The rose diagram shows the range of swells directed at Balephetrish through an average May, based on 1488 NWW3 model predictions since 2007 (values every 3 hours). The wave model does not forecast wind or surf right at the shore so we have chosen the best grid node based on what we know about Balephetrish, and at Balephetrish the best grid node is 8 km away (5 miles).
The rose diagram illustrates the distribution of swell sizes and swell direction, while the graph at the bottom shows the same thing but lacks direction information. Five colours represent increasing wave sizes. Very small swells of less than 0.5m (1.5 feet) high are shown in blue. These happened only 30% of the time. Green and yellow represent increasing swell sizes and red illustrates the biggest swells, greater than >3m (>10ft). In either graph, the area of any colour is proportional to how frequently that size swell was forecast.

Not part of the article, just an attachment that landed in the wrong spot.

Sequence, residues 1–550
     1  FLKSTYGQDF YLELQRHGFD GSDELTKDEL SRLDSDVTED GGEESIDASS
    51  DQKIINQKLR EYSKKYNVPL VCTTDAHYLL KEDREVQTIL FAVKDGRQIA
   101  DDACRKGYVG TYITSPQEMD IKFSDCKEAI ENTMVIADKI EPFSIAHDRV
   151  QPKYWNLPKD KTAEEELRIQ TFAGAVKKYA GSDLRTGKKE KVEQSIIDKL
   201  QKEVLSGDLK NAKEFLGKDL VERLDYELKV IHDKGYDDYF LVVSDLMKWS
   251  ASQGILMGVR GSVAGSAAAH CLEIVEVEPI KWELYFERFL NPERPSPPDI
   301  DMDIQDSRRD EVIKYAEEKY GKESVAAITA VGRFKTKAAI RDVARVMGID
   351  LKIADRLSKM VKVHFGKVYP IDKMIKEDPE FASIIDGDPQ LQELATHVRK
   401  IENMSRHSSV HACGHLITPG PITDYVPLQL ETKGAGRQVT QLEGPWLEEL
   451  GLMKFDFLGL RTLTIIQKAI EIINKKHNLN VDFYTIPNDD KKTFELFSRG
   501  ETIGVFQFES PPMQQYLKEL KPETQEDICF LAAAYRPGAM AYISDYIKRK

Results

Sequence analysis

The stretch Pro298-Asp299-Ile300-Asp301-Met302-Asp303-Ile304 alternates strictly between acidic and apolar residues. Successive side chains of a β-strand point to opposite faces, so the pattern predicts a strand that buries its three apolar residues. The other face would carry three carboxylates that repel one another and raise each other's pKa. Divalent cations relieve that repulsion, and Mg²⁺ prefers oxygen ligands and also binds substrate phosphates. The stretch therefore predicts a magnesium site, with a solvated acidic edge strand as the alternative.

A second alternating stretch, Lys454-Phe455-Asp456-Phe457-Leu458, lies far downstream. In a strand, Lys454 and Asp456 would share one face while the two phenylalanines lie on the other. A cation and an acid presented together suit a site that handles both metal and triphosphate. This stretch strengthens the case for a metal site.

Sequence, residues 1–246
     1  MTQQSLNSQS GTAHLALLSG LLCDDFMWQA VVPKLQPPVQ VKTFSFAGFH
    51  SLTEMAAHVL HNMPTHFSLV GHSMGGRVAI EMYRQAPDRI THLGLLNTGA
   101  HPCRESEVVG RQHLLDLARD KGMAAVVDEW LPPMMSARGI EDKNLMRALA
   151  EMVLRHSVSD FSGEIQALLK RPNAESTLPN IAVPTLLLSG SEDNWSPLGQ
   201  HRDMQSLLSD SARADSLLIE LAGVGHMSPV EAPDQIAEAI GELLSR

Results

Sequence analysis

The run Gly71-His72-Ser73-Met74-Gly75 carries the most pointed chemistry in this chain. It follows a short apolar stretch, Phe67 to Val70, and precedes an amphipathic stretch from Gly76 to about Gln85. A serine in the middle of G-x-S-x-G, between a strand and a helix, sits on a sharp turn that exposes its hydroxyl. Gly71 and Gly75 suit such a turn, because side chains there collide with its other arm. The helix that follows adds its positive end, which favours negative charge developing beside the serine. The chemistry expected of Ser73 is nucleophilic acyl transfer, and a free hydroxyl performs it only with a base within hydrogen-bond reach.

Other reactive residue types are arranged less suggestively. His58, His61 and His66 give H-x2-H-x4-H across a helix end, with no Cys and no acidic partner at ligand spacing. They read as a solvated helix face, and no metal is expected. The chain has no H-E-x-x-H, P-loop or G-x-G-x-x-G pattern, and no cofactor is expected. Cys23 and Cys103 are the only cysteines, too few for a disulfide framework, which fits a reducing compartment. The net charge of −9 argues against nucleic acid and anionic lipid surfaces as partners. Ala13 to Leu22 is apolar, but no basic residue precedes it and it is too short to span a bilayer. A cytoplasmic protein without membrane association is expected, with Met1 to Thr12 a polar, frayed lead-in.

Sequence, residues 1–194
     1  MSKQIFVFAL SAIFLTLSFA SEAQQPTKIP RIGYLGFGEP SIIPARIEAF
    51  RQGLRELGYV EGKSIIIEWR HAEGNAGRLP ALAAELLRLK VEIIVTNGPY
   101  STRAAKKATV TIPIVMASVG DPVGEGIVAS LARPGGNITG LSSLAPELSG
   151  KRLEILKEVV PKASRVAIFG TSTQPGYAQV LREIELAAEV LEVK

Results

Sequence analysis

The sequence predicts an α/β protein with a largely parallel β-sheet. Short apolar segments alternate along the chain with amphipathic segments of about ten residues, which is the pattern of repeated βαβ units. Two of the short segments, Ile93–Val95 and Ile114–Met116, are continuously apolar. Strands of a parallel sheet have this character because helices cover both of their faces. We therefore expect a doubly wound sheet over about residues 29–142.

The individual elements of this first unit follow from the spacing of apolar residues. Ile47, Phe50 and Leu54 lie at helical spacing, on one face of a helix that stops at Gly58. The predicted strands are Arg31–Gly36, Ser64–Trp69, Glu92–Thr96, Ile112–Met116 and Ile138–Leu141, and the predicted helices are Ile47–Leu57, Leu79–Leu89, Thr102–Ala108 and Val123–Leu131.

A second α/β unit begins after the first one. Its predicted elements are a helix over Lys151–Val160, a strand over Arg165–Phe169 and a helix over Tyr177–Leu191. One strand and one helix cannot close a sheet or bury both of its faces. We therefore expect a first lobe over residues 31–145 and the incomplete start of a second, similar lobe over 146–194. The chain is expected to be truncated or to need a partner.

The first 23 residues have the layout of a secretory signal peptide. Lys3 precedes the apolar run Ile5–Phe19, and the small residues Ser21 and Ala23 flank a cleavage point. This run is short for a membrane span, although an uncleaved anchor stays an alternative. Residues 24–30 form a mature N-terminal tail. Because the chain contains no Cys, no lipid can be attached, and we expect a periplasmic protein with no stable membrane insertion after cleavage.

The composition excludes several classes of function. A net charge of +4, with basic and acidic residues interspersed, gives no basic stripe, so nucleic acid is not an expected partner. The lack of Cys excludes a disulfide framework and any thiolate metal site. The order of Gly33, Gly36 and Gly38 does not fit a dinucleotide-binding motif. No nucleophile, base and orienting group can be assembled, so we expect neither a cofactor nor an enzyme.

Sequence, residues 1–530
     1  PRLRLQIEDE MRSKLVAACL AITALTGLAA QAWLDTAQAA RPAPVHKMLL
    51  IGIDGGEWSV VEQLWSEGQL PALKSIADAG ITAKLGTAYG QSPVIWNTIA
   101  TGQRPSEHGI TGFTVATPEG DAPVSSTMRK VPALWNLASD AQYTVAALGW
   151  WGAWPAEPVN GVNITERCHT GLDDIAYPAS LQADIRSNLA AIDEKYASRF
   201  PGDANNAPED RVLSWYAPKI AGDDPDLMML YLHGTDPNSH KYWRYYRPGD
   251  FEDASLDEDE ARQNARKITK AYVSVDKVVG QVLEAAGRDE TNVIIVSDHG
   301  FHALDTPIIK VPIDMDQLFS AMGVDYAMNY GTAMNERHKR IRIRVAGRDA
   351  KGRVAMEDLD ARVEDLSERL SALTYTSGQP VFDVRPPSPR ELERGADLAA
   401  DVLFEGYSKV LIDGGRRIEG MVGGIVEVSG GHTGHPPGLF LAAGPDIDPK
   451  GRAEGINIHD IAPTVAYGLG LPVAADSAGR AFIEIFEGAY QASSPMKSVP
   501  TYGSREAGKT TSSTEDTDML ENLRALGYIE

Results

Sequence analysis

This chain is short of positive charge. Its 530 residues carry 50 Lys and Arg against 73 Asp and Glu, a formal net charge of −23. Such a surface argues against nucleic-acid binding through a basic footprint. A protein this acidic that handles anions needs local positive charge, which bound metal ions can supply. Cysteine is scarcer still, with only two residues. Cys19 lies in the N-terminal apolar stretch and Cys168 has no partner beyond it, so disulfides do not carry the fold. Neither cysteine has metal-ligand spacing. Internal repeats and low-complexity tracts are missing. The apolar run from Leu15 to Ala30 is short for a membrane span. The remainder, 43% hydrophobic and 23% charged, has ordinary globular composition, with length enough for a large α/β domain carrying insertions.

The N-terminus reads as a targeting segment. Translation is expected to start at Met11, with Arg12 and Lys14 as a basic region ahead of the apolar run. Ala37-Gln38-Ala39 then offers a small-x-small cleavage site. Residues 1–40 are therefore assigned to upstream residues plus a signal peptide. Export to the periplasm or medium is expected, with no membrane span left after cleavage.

The diagram suggests that the prevailing swell direction, shown by the largest spokes, was WNW, whereas the the prevailing wind blows from the SW. Because the wave model grid is away from the coast, sometimes a strong offshore wind blows largest waves away from Balephetrish and out to sea. We group these with the no surf category of the bar chart. To simplify things we don't show these in the rose plot. Because wind determines whether or not waves are surfable at Balephetrish, you can load a different image that shows only the swells that were forecast to coincide with glassy or offshore wind conditions. In a typical May, swells large enough to cause good for surfing waves at Balephetrish run for about 70% of the time.
IMPORTANT: Beta version feature! Swell heights are open water values from NWW3. There is no attempt to model near-shore effects. Coastal wave heights will generally be less, especially if the break does not have unobstructed exposure to the open ocean.